Jesus suffered outside the gate, to consecrate the people by his own blood. Let us then go to him outside the camp, bearing the reproach that he bore. For here we have no lasting city, but we seek the one that is to come (Heb 13:10-14). These words of the apostle were addressed to those Hebrews who recognised Jesus as the Messiah and were suffering persecution from their compatriots for their faith in Him. They needed to be encouraged because their brothers of blood were rejecting them as no longer worthy to be part of God’s people. The apostle points out to them that Jesus too was rejected, and to such an extent that He could not even die within the walls but was pushed outside and there left to die like a pagan. Since that is the case, he says, then we too should go outside the camp to be with Him and to bear our part of the reproach that He received.
So we are brought back once again to what we were saying last night, namely, that Christ wants more than just a memorial of His love for us. He wants more than just for Christians to remember how much He loved them and did for them. We need to go outside the camp, to bear the reproach He bore. Our lasting city is not here, but in the world to come.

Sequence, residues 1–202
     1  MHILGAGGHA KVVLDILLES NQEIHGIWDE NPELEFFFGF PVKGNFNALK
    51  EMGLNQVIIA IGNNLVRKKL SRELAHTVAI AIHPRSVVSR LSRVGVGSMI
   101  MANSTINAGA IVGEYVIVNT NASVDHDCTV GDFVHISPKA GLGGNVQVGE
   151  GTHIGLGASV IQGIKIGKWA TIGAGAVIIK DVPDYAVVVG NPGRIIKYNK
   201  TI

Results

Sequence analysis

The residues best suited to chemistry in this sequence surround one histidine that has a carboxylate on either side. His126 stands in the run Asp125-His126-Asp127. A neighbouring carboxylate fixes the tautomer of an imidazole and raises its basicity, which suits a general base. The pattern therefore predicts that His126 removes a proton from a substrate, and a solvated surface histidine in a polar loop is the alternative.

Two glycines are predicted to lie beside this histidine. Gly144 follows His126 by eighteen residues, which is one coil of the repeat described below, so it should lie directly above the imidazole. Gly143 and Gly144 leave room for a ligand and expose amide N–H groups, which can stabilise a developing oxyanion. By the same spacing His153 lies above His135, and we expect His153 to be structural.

It was not long after these words were written that the city of Jerusalem was razed to the ground by the Roman emperor and those very same Jews who had rejected the Christians found themselves rejected and scattered to the four winds until the end of time. It was a terrible lesson in how devastating it is to reject God’s visit.
Let’s consider, for our part, that the very same attitude the Jews had towards the Hebrew Christians is often repeated in the Christian Church by those who do not want to rock the boat and who do not want to allow others to rock it either. With a certain frequency in history, we can notice that the mass of believers tends to drift into a certain ambivalence about the essentials of the faith, an attitude of nonchalance with regard to who we are and what we do. And just as frequently, we find that the Holy Spirit raises up souls to shake off that indolence, to put their necks out and bravely accept criticism for their staunch defence of what is true.
Indeed the natural bent of human nature is to let oneself go to easier living, to softer ways, to more lenient teachings that flatter our egos. Think of how God raised up Catherine of Siena to go to Avignon and brink the pope back to Rome, or of Joan of Arc whom God inspired to lead the French armies and crown their king. Just imagine what people must have been saying to Catherine: “you presumptuous young lady, who are you to tell the pope what to do?” Or to Joan: “you foolish little girl, to think you could lead an army in battle, let alone to victory. Go back to your home and your infantile games!”. But in both cases, those young women stood firm against everyone and against all odds, and they achieved what God sent them to do, for God was with them.